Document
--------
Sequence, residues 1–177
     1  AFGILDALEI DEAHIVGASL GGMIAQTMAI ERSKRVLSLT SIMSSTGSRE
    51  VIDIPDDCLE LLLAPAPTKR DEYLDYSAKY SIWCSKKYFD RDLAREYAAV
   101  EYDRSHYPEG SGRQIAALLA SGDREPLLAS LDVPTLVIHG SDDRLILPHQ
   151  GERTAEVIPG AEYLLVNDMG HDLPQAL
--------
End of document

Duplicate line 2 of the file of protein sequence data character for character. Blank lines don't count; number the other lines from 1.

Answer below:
     1  AFGILDALEI DEAHIVGASL GGMIAQTMAI ERSKRVLSLT SIMSSTGSRE